Governor Chris Christie Gets It: The Bureaucrats vs. the Rest of Us
February 23, 2011BEGIN TRANSCRIPTRUSH
: I've got some Chris Christie audio sound bites here I want to get in before the program. And Rumsfeld conducted a seminar with Andrea Mitchell (NBC News, Washington) on how to not accept the premise put forth in question after question after question. But Christie in Trenton spoke about concessions being asked of public employees in New Jersey. Let's start with audio sound bite number ten. It's from his budget address and yesterday afternoon in Trenton. We have several bites here. Here's one.CHRISTIE: For too many years our government has operated under the belief that the baseline, the place where you begin, is to continue to fund every program in the budget -- regardless of the fiscal climate, regardless of the economy, and regardless of the effectiveness of the program. Well, not anymore. You need to build a realistic budget from the bottom up. You fund what you need this year to succeed. Not every relic from two decades ago that's still on the books. The baseline is zero. Zero-base budgeting, which I promised in the campaign, has finally come to New Jersey.
Now, this is very smart, very wise: Baseline budgeting. Most people don't know what baseline budgeting is. I spent, back in the mid-nineties, a full three-hour program explaining it. I might be able to give you a brief summary of it in a couple of segments. But essentially... Let's take the federal budget. Take any item in the budget you want, any department, any sub-department of any department, and it has a budget. The baseline for that budget is the current level of spending, with no factors whatsoever considered.
Did all of it get spent this year? Was there any left over? Did you need more? How was it spent? Was it effectively spent or not? It doesn't matter, and with the federal budget there's an automatic assumption that 10%, 8%, whatever is automatic as an increase. So that if the actual budget only goes up 4% people run around and say, "Oh, there's a 4% cut here," when there hasn't been a 4% cut. There's been a 4% increase, but it's not the full 8% that was targeted. The baseline is such that it basically allows people to claim "cuts" in a budget when there aren't any.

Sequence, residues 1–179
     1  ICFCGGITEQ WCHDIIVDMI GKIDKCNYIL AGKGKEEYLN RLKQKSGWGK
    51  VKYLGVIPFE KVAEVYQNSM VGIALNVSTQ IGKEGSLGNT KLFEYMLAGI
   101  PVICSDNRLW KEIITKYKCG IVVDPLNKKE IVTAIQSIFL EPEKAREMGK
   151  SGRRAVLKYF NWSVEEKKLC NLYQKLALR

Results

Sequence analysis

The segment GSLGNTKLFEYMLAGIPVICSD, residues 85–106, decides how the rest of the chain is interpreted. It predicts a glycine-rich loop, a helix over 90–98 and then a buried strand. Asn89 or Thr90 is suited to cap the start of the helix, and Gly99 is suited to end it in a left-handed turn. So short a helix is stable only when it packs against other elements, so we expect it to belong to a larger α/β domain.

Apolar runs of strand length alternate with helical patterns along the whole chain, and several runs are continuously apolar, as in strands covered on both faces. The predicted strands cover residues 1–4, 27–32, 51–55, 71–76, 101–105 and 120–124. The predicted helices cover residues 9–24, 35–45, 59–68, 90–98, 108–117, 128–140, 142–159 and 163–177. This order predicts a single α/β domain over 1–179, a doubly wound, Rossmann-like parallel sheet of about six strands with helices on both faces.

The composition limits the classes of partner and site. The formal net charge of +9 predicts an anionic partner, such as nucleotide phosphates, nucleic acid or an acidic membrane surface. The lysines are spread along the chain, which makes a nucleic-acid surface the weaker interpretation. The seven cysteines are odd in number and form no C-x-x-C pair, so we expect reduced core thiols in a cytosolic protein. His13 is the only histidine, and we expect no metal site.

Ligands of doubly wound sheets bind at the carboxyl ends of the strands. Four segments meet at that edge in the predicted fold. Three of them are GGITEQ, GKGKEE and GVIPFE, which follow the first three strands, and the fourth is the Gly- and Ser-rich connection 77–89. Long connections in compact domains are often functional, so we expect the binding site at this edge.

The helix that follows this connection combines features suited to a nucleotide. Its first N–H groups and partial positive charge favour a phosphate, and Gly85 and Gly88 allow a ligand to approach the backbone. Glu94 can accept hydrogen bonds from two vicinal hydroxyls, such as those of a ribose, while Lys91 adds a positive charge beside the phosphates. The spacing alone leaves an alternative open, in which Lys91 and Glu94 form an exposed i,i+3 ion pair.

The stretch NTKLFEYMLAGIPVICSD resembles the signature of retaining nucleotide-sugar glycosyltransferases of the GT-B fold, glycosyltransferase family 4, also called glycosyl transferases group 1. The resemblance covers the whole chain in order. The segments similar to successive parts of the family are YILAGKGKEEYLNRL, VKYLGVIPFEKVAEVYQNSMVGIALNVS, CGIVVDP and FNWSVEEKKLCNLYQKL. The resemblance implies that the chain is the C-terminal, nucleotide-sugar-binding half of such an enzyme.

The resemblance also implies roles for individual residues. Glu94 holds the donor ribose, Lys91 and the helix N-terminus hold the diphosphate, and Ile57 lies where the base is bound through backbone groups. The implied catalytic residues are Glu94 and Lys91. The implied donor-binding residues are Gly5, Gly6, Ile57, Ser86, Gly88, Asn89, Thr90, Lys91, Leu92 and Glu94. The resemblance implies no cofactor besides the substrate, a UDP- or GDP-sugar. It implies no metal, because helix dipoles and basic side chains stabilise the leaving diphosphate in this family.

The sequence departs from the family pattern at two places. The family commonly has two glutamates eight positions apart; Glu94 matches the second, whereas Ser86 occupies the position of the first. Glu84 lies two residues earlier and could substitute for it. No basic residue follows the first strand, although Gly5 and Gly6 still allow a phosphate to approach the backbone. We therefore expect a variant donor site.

Zero-base budgeting means you start with a clean slate every year. "Okay, we mighta given you $2 million last year. We're not gonna automatically start at $2,200,000 this year. We're gonna start at zero again. We're gonna look at what you did with that $2 million, where it went, and how you spent it. Did you need it all? Did you spend less?" What happens is, as we all know, Health and Human Services advertises for food stamp applicants toward the end of the fiscal year so that they don't get short-changed the next year when their budget comes out. So Christie is here talking about starting from zero, a clean slate. He then said this.CHRISTIE: In Wisconsin and Ohio, they have decided there can no longer be two classes of citizens: One that receives rich health and pension benefits and all the rest who are left to pay for them. The promises of the past are too expensive, and the prospects of the future are too important to stay on the old, failed course. Across the country, we have come to a moment: The moment for real change and the return to fiscal discipline.RUSH:
He's right, and it's not just in Wisconsin. It's in New Jersey, it's coming to Indiana, it's coming to Ohio. It's gonna happen to every state that's in this problem, and the number one expense -- the number one place that they have to cut -- is this irresponsible, mindless spending on people like he just said: "One class of citizen that receives rich health and pension benefits and the rest of us who are left to pay for it." We've gotten to a period of out-of-balance now so the people receiving the benefits get twice what the people paying for them get. It's unsustainable, cannot happen.
We have a war here between the government bureaucrat and the rest of us, and that's what this is. I don't care what the job is. Teacher, whatever the union employee is, the bureaucrat, that's the new war. That's the new class struggle. That's the new class warfare, not rich versus poor. It's the government bureaucrat versus the rest of us. The government bureaucrat happens to be unionized, and that's where we are. That's not gonna go away any time soon. You have Democrats going around, "We need to make it bloody in the streets here," and I'm sure they full-well intend to. END TRANSCRIPT